Editor's note: A nationally syndicated columnist, Roland S. Martin is the author of "Listening to the Spirit Within: 50 Perspectives on Faith" and "Speak, Brother! A Black Man's View of America." Visit his Web site for more information.
Roland S. Martin says Bush hasn't admitted the disastrous failure of the response to Hurricane Katrina.
(CNN) -- Since we heard so much about pigs and lipstick during the general election campaign, courtesy of Sarah Palin, I've tried hard not to use the often-recited reference in a column or on TV or radio since.
But after listening to President George W. Bush try mightily to characterize the federal response to Hurricane Katrina as swift and fast, there is no doubt that this cowboy is trying his best to paint a coat of lipstick on that pig, and it is still a smelly, snortin' pig.
There is little doubt that Bush's greatest international failure, the Iraq War, resulted from those weapons of mass destruction that didn't exist. Bush, his Secretary of Defense Donald Rumsfeld and Vice President Dick Cheney were adamant that Saddam Hussein had them, that nothing else mattered when it came to invading Iraq.
Now, if we had to determine his absolute worst domestic failure, nothing comes close to the aftermath of the 2005 Hurricane Katrina.
There are a lot of horrible things that happen each day and blow past with a whir, but the haunting images of bodies floating in floodwaters; of men, women and children screaming with all their might on rooftops, and of the disgraceful conditions in the Louisiana Super Dome will resonate in our spirits for a lifetime.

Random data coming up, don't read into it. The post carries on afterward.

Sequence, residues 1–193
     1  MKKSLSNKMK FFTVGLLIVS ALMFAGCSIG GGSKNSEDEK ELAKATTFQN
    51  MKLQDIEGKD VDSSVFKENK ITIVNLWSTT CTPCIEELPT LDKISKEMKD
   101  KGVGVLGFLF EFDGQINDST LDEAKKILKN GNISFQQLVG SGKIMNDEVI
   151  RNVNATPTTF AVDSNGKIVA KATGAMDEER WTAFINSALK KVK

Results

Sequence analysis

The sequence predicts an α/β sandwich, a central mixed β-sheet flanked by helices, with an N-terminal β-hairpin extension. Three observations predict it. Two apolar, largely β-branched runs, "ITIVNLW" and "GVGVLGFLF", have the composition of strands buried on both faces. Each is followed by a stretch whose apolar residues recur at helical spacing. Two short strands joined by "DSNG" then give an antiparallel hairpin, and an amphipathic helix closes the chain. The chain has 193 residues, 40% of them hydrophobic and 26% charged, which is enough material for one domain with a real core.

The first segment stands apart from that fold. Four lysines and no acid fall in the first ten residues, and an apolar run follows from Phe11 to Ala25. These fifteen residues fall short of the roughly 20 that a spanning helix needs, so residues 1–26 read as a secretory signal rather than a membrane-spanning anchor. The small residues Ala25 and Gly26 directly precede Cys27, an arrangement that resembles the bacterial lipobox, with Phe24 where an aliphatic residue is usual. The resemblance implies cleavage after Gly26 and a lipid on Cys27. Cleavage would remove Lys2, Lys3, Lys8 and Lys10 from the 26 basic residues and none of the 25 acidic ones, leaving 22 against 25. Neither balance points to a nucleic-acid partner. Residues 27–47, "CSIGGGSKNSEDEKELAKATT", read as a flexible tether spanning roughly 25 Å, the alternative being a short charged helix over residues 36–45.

Yet each time he was asked about it, the Great Decider could not bring himself to be honest and forthright about his failure of leadership.
At his last official news conference, after wondering what he could have done differently, Bush offered this incredible response: "I've thought long and hard about Katrina -- you know, could I have done something differently, like land Air Force One either in New Orleans or Baton Rouge. The problem with that and -- is that law enforcement would have been pulled away from the mission."
Land your plane? That's it? Not take charge of the situation. Not clear the roads to allow buses, food and water to get in. Not send in troops and put everyone in the Super Dome on a bus and take them to a nearby military base. No, you've thought about it and all you can come up with is, "I should have landed my plane?"
Then Bush, his voice rising and jabbing his finger on the lectern for emphasis, offered this gem.
"People said, well, the federal response was slow. Don't tell me the federal response was slow when there was 30,000 people pulled off roofs right after the storm passed. Thirty thousand people were pulled off roofs right after the storm moved through. It's a pretty quick response."
Isn't it interesting that Bush failed to mention 1,300 bodies were recovered? He's trying to hang his hat on those rescued, and praise the Lord for that, but that's like former President Bill Clinton saying his action to stop genocide in Rwanda saved several thousand lives after 800,000 were slaughtered.
I would have far more respect for Bush in this regard if he could simply look in the camera and say, "We failed. The state, the city and the federal government, we all failed. And folks, I failed. And my greatest regret was not stepping in and making sure all that was necessary got done."
Yet the man who has refused to admit mistakes just can't do that.
It is my desire that as Bush rides off into the sunset, focusing on his presidential library, he makes rebuilding the Gulf Coast his primary post-presidential role. Clinton has his Global Initiative, targeting the health needs in Africa.
Bush should spend his time in New Orleans, the rural parts of Louisiana, and portions of Mississippi and Alabama helping to rebuild homes, offering to do fundraisers, as well making it his mission to oversee the revitalization of this important region.
He clearly failed when he was president. Maybe he can take advantage of this second chance.
Mr. President, stop with the excuses. You failed. Now do some good where it is sorely needed.
The opinions expressed in this commentary are solely those of Roland Martin.
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